Kieran Crump Raiswell's killer 'laughed after stabbing'

Kieran Crump Raiswell
Image caption Kieran Crump Raiswell was walking down the street in Manchester when he was stabbed without warning

A teenage gap year student was stabbed to death in the street by a "sniggering" stranger, a court heard.

Kieran Crump Raiswell, 18, from Chorlton, Manchester, was stabbed four times "without warning" as he walked in Whalley Range, on 16 January.

Imran Akhtar Hussain, 27, of Bracknell, Berkshire, denies murder but admits manslaughter on the grounds of diminished responsibility.

He blamed voices in his head for the killing, Manchester Crown Court heard.

'Intending to kill'

Mr Wright told the court Mr Hussain, a mature engineering student, drove around Whalley Range and Chorlton in the early afternoon for about an hour, "looking for a suitable victim".

Hussain was said to have driven past his victim five times before he got out on Upper Chorlton Road and stabbed him, said Mr Wright.

The attack, which happened shortly after 14:00 BST, was witnessed by a number of motorists and passers-by, he said.

Mr Wright said Mr Crump Raiswell, a gap year student, had left his home to walk into Manchester on the day of his death.

He had packed his passport and CV into his rucksack as he planned to try to get a job.

Wearing headphones, his journey took him along Upper Chorlton Road near to the junction with Stamford Street, where he was attacked.

He said: "Kieran crossed the road and then entirely without warning he approached him and he stabbed him to the front and back of his chest four times before running off.

"As he ran off the man was seen to be smiling - sniggering is the description given by witnesses - and he appeared to be laughing.

"Kieran collapsed to the ground. He was fatally wounded."

He was pronounced dead soon after arriving at Royal Manchester Infirmary.

'Threatening voices'

Twelve days earlier, Mr Hussain drove from his flat in Coventry and assaulted another man, Paul Kershaw, 38, who was also a stranger, in Nottingham, jurors were told.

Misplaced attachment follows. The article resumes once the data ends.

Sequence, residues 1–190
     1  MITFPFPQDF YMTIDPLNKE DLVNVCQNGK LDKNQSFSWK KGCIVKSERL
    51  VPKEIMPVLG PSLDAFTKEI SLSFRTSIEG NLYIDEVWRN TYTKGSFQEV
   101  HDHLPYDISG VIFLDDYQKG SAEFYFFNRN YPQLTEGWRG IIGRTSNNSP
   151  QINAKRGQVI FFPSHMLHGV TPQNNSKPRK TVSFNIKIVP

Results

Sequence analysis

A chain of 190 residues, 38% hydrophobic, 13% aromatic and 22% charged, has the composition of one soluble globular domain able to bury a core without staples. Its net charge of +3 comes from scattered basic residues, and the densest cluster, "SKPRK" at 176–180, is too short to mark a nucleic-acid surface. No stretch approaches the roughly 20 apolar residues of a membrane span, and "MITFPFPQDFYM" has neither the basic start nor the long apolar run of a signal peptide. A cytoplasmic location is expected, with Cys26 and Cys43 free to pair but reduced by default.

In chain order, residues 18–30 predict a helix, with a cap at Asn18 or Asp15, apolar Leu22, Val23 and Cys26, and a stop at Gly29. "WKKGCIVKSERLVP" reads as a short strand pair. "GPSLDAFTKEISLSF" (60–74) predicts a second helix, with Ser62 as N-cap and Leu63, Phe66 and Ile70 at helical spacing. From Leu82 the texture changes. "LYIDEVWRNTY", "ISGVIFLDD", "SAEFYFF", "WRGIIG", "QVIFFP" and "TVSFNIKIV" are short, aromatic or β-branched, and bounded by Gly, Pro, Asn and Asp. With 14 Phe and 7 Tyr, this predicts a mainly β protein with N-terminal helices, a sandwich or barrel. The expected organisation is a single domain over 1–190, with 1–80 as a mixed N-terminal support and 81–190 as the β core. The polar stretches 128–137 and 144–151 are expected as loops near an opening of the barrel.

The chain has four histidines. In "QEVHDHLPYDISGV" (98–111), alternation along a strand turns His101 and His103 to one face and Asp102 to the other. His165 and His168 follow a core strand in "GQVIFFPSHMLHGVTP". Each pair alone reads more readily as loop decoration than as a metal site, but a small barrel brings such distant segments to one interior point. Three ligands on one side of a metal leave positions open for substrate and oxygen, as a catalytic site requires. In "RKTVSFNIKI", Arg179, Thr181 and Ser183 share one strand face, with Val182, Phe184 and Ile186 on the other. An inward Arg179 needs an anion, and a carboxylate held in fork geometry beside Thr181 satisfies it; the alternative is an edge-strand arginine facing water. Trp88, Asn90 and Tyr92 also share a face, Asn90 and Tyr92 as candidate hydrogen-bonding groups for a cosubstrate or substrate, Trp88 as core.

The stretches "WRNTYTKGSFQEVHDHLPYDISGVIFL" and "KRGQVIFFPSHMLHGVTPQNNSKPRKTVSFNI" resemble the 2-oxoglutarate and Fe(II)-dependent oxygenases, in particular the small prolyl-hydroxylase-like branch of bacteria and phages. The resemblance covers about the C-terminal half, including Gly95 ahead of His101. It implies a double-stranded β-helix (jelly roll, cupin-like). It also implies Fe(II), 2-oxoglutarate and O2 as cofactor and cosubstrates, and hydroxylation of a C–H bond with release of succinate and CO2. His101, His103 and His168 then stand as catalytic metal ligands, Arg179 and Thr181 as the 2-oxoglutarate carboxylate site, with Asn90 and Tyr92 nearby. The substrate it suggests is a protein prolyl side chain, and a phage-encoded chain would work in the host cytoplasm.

Peter Wright QC, prosecuting, said Mr Hussain, "fortified by the apparent ease at which a stranger could be attacked", then travelled to Manchester "armed with a knife intending to kill someone".

Mr Wright said the defendant initially denied involvement in either of the incidents when he was arrested days later.

The prosecutor told the court Mr Hussain had previously denied being in Nottingham or Manchester on the relevant dates and provided an alibi to police in each case.

But he "changed his tune" when the evidence against him began to unravel, said Mr Wright.

When arrested on January 20, Mr Wright said Hussain told police: "I haven't done anything."

A search of his flat revealed a knife with a 3in (7.5cm) blade hidden underneath a desk drawer.

A further search of his car uncovered a top matching that worn by Mr Crump-Raiswell's assailant.

Hussain, of Tilehurst Lane, went on to claim he had been hearing "threatening and abusive voices" and that he travelled to the two cities to confront them.

The prosecutor said his medical defence was "contrived by him as a last resort that only arose once he realised it could be proved he was the culprit".

At the time of his death, Mr Crump Raiswell lived with his parents Roland and Christine and his younger siblings in the Chorlton area.

He had obtained a place at Sheffield Hallam University to read history and was due to commence his degree course in September this year.

The trial continues.

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